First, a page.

Co-founder of The Food Bank Singapore
One impact I hope to make is to inspire a generation of women that we can always strive to break glass ceilings for ourselves.
Tell us your story, how did you get here?
My grandfather established our family-related food distribution business in 1934, pre-WWII, after escaping China to Singapore with his second daughter after his first wife passed on. He married my grandma and had 9 children in Singapore. Our family business went through plenty of ups and downs including a bankruptcy during the 1997 Asian Currency Crisis.
I studied in NUS as my dad had to use his CPF money to pay for my school fees. After graduation, I started working at MediaCorp Radio’s Marketing department. It was only in 2002 that my dad asked me to join the family business to digitise and modernise it.
In 2007, I set up FoodXervices Inc and acquired the family business. Currently, we serve 5,000 F&B establishments with a basket of more than 5,000 products. In 2012, my brother and I noticed that there was a lot of food being wasted and thrown. We thought we needed to give these excess foods a new lease of life by distributing them to charities.
That was when The Food Bank Singapore was established as an NGO focusing on redistributing excess foods and ending food insecurity in Singapore. We currently serve 370 charities, reaching out to 300,000 underprivileged. We celebrate our 10th anniversary this year, and we redistributed 1,600 tons of food in 2020, during the peak of the pandemic.
What impact have you made in Singapore?
I’m still in the early stages of creating the impact I hope to make.
One thing I’ve done on a few fronts is being true to myself and leading the way in my own way. For example, I’ve brought a breath of fresh air and pink hair to the stuffy traditional food distribution industry we’re in. Bringing in locals farms and being an early adopter of alternative protein has also helped us to create different niches.
Starting The Food Bank in 2012 with my brother grew from a passion project between us to a real pro-bono full-time job for both of us. Speaking up on difficult topics like ultra inflation and the lack of use of the words “poverty” and “hunger” in Singapore, we’ve touched on a few raw nerves in the industry. Although we had a slow start in 2012, we managed to grow from distributing 2 tons of food in 2012 to 1,600 tons in 2020. We also started The Food Bank Asia last year to spread our knowledge and excess food to the region.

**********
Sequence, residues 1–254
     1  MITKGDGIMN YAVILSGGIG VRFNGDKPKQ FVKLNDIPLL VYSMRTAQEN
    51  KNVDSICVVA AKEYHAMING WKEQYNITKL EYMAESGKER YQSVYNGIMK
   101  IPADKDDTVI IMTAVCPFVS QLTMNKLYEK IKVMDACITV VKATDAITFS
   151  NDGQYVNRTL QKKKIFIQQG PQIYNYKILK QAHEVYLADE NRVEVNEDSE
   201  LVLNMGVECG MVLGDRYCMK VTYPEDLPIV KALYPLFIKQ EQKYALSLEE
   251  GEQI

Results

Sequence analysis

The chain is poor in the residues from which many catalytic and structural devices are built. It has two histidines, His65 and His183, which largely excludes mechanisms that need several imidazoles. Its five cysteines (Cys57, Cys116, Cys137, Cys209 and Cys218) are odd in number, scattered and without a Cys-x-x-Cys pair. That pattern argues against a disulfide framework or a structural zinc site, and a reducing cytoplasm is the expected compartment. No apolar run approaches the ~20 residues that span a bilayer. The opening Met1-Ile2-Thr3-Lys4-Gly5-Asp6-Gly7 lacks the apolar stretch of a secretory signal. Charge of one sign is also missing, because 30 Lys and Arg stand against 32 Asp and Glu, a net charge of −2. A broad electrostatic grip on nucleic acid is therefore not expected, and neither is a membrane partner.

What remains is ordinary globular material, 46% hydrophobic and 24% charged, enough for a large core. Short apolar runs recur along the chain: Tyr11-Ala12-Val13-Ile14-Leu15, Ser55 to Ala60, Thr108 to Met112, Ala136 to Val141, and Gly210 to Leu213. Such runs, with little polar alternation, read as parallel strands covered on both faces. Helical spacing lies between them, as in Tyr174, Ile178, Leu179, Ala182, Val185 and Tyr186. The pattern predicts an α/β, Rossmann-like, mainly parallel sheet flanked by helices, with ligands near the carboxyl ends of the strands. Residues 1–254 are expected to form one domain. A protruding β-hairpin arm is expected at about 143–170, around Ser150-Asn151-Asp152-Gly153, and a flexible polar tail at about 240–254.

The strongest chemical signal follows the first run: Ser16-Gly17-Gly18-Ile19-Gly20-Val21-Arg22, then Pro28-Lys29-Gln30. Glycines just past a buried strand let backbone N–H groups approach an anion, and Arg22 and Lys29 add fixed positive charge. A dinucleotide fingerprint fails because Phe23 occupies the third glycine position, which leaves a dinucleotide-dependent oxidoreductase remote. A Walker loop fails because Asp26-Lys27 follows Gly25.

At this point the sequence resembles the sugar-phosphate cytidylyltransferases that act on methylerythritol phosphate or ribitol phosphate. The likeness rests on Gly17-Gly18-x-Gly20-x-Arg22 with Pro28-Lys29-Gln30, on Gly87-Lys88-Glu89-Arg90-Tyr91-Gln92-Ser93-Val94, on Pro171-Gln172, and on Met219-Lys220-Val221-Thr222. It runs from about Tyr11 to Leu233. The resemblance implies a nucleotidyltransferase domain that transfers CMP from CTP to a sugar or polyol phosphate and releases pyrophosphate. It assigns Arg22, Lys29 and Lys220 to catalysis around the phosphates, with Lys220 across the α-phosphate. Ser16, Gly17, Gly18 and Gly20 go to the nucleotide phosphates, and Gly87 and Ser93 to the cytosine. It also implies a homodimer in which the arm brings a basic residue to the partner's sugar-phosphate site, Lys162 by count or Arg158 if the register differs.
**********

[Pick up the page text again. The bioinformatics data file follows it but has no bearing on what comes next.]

One impact I hope to make is to inspire a generation of women that we can always strive to break glass ceilings for ourselves. Whether it’s to give other women a chance to be a better version of themselves or simply leading by example that you can indeed be a mum, career woman and NGO activist at the same time.
What does 2022 look like for you?
Challenging on the business front. The uncertainty on the F&B front is really causing a lot of undue stress to the ecosystem. The inflation that hit food prices significantly has caused worries for us.
On the Food Bank side, it’s also these unusual challenging times that keep me up at night. I’m not sure how the regular joe on the street is going to make ends meet. Global shortages, a pandemic and wars don’t mix well together.
Personally, I’m hoping to contribute even more to the food industry and food insecurity issues globally. Can we put Singapore on the map by developing more interesting tech and innovation to feed the world?
What do you love most about Singapore?
The cosmopolitan vibe, the second nature in which we embrace all cultures, and the world-class security and education that are often taken for granted by most.
What’s the one change in the world you’d like to see?
More humility, compassion and inclusivity for all. Hopefully, as mankind, we can all be more respectful and embrace our differences.
Who is your Local Legend, and why?
My hero is my late maternal grandma, my dear popo. She was the one who spotted my internal talent to be very empathetic and she taught me it was a big blessing to be able to give than to take. I carried that with me throughout my growing up years and being the busy body has defined the person I am today.
As a personal story, she also started working at age 8 during World War II to put food on the table for her 2 younger sisters. Despite not having any education, she became one of the biggest educators to me. That’s why she’s my local legend.